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How To Stay Healthy While On Holiday

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How To Stay Healthy While On Holiday

It’s an age-old question: “How can I stay healthy on holiday?”

We’ve all been there. We’ve struggled through months of lettuce, kale, hunger pangs, and porridge while trying to get bikini confident, and we aren’t about to ruin all our hard work with an indulgent week filled with holiday food and little-to-no exercise!

Then there are the inevitable expected grumbles of “you’re on holiday,” “enjoy yourself,” “surely a week won’t hurt?”. There is an element of truth to these statements and you can allow yourself to slightly cling on to the edge of the bandwagon without falling off completely and piling back on those pesky pounds. However, it is important for your own mindset, personal motivation, and that waistline you’ve been shrinking to enforce maximum damage control where possible — you don’t want to come home feeling as though you’re back to square one, after all.

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It can be all too easy to throw your hands up and have a blowout when in holiday mode, and who could blame you? With all the advice out there surrounding healthy eating whilst travelling, it really is no surprise that we end up confused or ready to give up. We don’t want to become the bore who turns up laden with freezer bags of pre-made meals in case the diet-imploding McDonalds comes into sight. Sometimes, you just need to take a step back from the diet books and focus on keeping some basic principles in mind to ensure you still enjoy your holiday without straying too far from the track you’re beginning to tread quite well.

1. Destination is crucial

Let’s tackle the first hurdle before we even get there. If you’re thinking of opting for an all-inclusive week’s holiday in Italy, the pizza, pasta, garlic bread, and the array of rich sauces have already gained us an inch before stepping on the plane. Some places will make resisting temptation a lot harder than others. Determine an appropriate location where you know healthier options and meal flexibility will be readily available. Now, this doesn’t mean a stay on an organic health farm, it just means that a bit of forethought and research can help you out massively.

The UK offers endless opportunities for an unforgettable holiday for the health conscious. The beautiful rolling hills of the Lake District provide a maze of enjoyable family walks, hikes, and bike rides. These kinds of active pastimes come hand-in-hand with a trip to this corner of the UK, so it won’t seem strange to suggest such activities – the perfect way to sneak in a bit of low-impact cardio. The more remote a location, the more scope for getting outside without it being such a conscious decision.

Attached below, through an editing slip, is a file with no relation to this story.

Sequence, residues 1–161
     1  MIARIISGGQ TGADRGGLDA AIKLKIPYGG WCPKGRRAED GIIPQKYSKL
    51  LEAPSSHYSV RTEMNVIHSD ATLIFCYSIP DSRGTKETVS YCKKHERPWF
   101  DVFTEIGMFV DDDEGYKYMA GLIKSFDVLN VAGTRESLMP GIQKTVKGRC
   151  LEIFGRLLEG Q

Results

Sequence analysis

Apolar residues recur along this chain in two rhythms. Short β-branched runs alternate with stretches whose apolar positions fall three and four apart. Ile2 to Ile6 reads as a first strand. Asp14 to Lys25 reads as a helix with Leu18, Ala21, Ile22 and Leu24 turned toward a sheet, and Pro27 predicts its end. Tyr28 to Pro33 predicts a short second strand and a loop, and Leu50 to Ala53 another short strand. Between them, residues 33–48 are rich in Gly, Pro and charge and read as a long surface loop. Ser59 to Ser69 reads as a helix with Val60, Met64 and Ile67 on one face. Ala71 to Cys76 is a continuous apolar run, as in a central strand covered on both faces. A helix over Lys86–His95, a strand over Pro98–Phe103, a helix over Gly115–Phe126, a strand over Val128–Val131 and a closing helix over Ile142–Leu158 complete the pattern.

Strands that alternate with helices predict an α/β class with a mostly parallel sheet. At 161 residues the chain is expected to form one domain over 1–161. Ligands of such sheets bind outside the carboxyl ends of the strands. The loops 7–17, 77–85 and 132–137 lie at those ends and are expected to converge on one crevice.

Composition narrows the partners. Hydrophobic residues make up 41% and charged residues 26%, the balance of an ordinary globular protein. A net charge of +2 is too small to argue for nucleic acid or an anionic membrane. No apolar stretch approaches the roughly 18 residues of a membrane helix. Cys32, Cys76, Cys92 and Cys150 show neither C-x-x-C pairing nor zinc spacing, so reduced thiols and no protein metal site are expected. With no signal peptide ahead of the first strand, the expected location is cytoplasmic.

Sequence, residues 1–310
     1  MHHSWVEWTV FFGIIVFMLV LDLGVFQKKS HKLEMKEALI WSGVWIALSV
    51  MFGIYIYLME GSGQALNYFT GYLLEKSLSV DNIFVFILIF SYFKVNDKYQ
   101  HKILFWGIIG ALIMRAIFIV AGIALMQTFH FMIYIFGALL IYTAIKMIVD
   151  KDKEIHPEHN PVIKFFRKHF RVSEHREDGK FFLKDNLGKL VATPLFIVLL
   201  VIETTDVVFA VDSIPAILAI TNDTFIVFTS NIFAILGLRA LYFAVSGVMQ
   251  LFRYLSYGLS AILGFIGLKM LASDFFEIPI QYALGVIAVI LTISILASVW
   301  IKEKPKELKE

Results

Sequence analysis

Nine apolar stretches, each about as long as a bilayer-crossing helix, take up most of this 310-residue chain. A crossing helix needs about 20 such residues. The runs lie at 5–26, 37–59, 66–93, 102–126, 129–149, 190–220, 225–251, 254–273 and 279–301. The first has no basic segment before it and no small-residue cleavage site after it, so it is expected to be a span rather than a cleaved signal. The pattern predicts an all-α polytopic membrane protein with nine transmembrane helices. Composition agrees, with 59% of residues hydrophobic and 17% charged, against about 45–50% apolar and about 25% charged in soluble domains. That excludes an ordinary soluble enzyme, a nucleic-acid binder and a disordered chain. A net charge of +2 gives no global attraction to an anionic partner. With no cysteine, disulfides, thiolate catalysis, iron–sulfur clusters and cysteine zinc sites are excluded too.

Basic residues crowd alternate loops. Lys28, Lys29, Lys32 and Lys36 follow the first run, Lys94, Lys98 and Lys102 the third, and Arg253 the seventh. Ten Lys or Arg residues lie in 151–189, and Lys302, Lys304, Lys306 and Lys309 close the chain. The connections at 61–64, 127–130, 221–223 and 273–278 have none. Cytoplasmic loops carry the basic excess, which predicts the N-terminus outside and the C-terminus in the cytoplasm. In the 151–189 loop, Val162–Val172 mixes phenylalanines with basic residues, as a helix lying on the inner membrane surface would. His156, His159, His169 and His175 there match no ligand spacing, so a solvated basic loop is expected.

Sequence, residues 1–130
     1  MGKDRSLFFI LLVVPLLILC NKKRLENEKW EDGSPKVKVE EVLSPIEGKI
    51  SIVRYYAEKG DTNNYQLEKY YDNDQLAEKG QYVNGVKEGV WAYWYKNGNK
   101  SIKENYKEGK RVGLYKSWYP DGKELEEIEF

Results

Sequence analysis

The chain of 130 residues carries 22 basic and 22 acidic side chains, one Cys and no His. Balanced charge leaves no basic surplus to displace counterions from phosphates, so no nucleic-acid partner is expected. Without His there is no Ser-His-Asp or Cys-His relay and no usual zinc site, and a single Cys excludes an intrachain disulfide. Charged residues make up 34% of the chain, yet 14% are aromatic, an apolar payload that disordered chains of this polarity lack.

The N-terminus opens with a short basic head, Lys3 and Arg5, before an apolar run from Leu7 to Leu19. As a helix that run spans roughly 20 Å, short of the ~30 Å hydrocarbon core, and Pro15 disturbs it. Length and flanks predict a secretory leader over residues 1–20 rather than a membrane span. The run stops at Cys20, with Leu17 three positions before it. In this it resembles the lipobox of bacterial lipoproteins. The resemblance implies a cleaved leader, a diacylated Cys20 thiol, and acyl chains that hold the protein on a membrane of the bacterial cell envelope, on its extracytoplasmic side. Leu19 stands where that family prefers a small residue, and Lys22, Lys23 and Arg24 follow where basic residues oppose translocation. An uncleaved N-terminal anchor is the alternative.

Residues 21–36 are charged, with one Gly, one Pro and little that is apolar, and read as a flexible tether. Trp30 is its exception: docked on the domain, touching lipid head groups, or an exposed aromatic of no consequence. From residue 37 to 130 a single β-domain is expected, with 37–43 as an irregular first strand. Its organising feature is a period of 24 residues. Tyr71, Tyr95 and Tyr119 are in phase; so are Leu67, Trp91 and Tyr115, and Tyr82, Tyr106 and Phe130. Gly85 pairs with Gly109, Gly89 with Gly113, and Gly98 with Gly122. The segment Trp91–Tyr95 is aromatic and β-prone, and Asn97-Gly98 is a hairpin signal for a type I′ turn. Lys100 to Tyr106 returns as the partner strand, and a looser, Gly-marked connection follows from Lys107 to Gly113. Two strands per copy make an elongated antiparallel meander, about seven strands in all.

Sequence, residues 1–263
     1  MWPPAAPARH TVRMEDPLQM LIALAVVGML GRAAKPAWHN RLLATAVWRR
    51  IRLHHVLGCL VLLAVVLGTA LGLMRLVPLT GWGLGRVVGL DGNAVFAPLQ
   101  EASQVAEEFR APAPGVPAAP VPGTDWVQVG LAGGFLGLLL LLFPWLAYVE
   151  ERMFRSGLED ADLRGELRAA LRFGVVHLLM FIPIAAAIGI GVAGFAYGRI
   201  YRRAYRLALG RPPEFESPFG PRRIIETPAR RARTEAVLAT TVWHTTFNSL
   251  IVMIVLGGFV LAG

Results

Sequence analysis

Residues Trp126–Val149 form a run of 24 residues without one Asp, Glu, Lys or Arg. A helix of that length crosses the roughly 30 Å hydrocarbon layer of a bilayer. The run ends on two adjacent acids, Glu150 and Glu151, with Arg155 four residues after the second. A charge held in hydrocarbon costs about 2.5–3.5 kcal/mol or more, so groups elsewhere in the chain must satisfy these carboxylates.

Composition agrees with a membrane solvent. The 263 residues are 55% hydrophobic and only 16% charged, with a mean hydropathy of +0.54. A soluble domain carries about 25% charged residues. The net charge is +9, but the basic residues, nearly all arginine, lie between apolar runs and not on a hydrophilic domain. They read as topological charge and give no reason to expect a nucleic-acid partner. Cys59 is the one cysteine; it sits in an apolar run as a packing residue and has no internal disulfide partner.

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Excursions in regions such as these will also lead to cheaper days out. Think horse riding, boat trips, and canoeing as opposed to bowling, shopping, cinema trips, and theme parks! The pretty panoramic views are also a good excuse for taking the longer scenic route when out exploring!

2. Type of accommodation

The key here is self-catering. We all like the added luxury of being cooked for, pampered, and generally avoiding all the mundane chores we associate with home life. However, this is a haven for calorie-dense foods sneaking in. Home-cooked food, bought by yourself and prepared by yourself, is the best option when it comes to knowing exactly what you are putting into your mouth.

A large cottage or a caravan with a spacious family kitchen will allow you to create delicious hearty meals for everyone to sit around and tuck into without the need for eating out, purchasing convenience food, or ordering in takeaways — all the foods we are trying to avoid.

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3. Food preparation

You are probably sick of hearing the infamous manta “preparation is key,” but although I hate to admit it, it really is key. Now, this definitely does not mean cracking open your carrot sticks and hummus whilst everyone else enjoys scones topped with cream and jam, it just means having healthy snack alternatives and meal options for everyone while you’re out on the go. Instead of picking up a bar of chocolate from the local shop, have an apple or cereal bar from your bag. Instead of treating the family to a burger and chips, pack a picnic spread of wholesome nutritious foods with the occasional treat thrown in — nothing excites a child more than expelling from the norm anyway, and eating outside definitely ticks this box.

4. Visit the farmer’s market

No matter where you are staying, this is consistently my favourite “tourist” spot. It offers a front row seat to take in the local people and culture, while allowing you to sample the best fresh food and local produce the area has to offer. A visit to the farmer’s market is a great opportunity to pick up yummy but healthy snacks for the week.

5. Treat alternatives

This is where the fun begins. There is always room for a sweet treat. Restricting yourself can increase the chances of giving in and binging, so instead of saying no to anything sugary or beige in colour, get creative and add a healthy kick to your favourite treats!